Achilles tendon ruptures, if neglected or identified late, lead to impairments in function and gait. Surgical reconstruction is typically required to restore the resting length and tension to the gastrocnemius-soleus complex. A variety of reconstructive options have been described, depending on several factors, including chronicity, residual gap size, remaining tissue quality and vascularity, location of tendon rupture or deficiency, and patient-specific factors. Despite the many surgical options described from local soft-tissue rearrangements and tendon transfers, to the use of allograft tissue and synthetic material augmentation, there is understandably a paucity of evidence-based guidelines available to direct surgeons in the optimal procedure for each patient-specific situation. Reconstructive options for the patient with a chronic Achilles rupture are detailed and reviewed here, to serve as a framework for the treating surgeon in these complex cases.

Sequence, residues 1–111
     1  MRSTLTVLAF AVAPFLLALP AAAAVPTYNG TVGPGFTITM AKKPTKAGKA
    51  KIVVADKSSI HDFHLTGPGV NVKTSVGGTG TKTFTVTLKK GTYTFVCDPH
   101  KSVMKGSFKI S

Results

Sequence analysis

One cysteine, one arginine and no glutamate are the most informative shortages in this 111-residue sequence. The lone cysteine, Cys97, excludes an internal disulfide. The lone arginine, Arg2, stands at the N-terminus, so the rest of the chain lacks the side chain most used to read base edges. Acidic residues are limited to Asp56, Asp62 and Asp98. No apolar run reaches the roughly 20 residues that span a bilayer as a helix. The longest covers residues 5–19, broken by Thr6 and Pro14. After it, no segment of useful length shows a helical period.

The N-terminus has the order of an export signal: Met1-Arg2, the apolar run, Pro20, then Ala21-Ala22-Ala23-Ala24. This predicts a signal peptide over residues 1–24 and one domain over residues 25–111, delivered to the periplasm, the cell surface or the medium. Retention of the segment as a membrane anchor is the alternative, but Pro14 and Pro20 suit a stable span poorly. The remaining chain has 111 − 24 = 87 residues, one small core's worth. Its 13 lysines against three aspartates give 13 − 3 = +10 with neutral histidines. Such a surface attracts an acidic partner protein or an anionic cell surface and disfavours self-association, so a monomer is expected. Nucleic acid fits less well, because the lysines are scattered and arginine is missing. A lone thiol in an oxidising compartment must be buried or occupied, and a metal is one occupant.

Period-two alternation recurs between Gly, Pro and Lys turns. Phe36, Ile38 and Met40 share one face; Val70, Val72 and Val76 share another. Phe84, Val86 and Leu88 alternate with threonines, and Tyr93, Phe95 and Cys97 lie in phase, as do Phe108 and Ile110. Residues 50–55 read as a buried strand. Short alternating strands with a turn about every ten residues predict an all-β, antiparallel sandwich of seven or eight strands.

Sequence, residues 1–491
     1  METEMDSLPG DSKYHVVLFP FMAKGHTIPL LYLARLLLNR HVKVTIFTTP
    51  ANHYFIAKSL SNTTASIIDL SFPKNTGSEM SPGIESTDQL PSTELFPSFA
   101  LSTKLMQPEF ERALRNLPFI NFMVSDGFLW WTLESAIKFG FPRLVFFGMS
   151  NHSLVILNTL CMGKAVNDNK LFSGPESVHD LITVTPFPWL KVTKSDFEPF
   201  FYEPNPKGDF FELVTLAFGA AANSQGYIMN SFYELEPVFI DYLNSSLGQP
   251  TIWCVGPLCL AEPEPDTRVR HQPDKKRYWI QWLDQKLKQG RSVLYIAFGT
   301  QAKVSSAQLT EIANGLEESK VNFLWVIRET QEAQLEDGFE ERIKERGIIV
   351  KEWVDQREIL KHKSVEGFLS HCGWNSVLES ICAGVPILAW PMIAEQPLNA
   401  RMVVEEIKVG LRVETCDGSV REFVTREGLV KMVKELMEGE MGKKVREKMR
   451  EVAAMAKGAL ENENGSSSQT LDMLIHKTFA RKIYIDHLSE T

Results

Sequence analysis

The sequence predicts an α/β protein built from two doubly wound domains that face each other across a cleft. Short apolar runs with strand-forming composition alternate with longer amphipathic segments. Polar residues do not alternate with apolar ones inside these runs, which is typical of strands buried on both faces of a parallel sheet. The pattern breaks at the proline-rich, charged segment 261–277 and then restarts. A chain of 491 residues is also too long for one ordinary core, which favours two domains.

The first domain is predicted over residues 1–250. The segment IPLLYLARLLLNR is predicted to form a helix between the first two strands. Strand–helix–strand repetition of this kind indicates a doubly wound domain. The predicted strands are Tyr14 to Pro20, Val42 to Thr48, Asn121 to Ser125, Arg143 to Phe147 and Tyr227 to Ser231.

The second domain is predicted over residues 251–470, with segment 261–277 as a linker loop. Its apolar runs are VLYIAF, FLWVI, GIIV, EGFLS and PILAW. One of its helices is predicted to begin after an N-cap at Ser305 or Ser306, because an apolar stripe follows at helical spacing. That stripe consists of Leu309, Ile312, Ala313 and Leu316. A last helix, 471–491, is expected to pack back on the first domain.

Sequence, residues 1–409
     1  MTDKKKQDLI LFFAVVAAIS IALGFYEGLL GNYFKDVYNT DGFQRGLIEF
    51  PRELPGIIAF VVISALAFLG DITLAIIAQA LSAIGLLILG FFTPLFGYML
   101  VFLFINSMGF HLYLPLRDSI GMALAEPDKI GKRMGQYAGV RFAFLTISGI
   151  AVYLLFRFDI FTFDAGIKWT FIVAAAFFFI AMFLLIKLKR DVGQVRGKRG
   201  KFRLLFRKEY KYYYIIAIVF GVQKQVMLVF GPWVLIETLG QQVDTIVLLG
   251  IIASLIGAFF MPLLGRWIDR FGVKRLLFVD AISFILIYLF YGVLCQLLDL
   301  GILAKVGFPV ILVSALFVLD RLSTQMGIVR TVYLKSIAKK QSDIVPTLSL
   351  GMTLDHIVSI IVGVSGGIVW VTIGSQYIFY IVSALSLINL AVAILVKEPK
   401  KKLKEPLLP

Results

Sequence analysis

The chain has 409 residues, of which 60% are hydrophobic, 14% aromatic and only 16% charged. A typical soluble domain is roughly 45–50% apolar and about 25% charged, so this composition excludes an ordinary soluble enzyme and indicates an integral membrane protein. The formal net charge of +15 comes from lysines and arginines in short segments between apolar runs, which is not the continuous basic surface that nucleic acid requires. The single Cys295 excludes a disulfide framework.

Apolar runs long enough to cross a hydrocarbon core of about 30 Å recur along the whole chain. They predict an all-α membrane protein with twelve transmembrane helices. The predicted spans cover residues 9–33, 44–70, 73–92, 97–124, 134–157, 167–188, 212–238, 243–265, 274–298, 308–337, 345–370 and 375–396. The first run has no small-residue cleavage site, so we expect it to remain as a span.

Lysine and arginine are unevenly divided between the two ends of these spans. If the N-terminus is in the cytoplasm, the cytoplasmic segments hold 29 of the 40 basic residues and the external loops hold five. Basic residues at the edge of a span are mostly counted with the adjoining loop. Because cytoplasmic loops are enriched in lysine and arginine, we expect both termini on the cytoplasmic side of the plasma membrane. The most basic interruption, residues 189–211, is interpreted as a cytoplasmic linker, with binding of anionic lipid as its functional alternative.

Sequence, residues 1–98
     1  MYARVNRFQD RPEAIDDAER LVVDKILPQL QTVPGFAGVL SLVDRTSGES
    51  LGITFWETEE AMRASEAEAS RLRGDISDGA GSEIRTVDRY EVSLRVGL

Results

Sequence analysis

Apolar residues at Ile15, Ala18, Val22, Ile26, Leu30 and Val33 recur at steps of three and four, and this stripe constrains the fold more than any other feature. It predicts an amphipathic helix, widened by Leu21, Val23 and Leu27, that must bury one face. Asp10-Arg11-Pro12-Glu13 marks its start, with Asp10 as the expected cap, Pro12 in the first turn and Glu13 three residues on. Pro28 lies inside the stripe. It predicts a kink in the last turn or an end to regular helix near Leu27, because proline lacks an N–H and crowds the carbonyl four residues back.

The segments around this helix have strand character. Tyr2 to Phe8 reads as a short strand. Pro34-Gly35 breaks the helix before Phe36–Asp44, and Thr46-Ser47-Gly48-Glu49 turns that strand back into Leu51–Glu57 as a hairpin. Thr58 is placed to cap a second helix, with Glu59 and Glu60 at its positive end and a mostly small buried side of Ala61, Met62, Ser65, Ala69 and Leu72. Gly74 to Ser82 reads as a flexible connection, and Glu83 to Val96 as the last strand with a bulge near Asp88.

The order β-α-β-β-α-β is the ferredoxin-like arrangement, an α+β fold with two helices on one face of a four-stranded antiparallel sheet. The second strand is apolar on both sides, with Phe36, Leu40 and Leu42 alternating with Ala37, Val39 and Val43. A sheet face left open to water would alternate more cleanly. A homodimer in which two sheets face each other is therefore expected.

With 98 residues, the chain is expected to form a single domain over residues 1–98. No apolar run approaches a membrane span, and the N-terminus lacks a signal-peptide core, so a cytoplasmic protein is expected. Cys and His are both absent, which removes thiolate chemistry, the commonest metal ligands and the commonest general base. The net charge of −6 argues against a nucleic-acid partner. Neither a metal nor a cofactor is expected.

From the Department of Orthopaedic Surgery, Duke University Medical Center, Durham, NC.
Dr. Adams or an immediate family member is a member of a speakers' bureau or has made paid presentations on behalf of Sonoma Orthopaedics; serves as a paid consultant to 4web, MedShape, Regeneration Technologies, Sonoma Orthopaedics, and Stryker; and serves as a board member, owner, officer, or committee member of the American Orthopaedic Foot and Ankle Society. Neither of the following authors nor any immediate family member has received anything of value from or has stock or stock options held in a commercial company or institution related directly or indirectly to the subject of this article: Dr. Schweitzer and Dr. Dekker.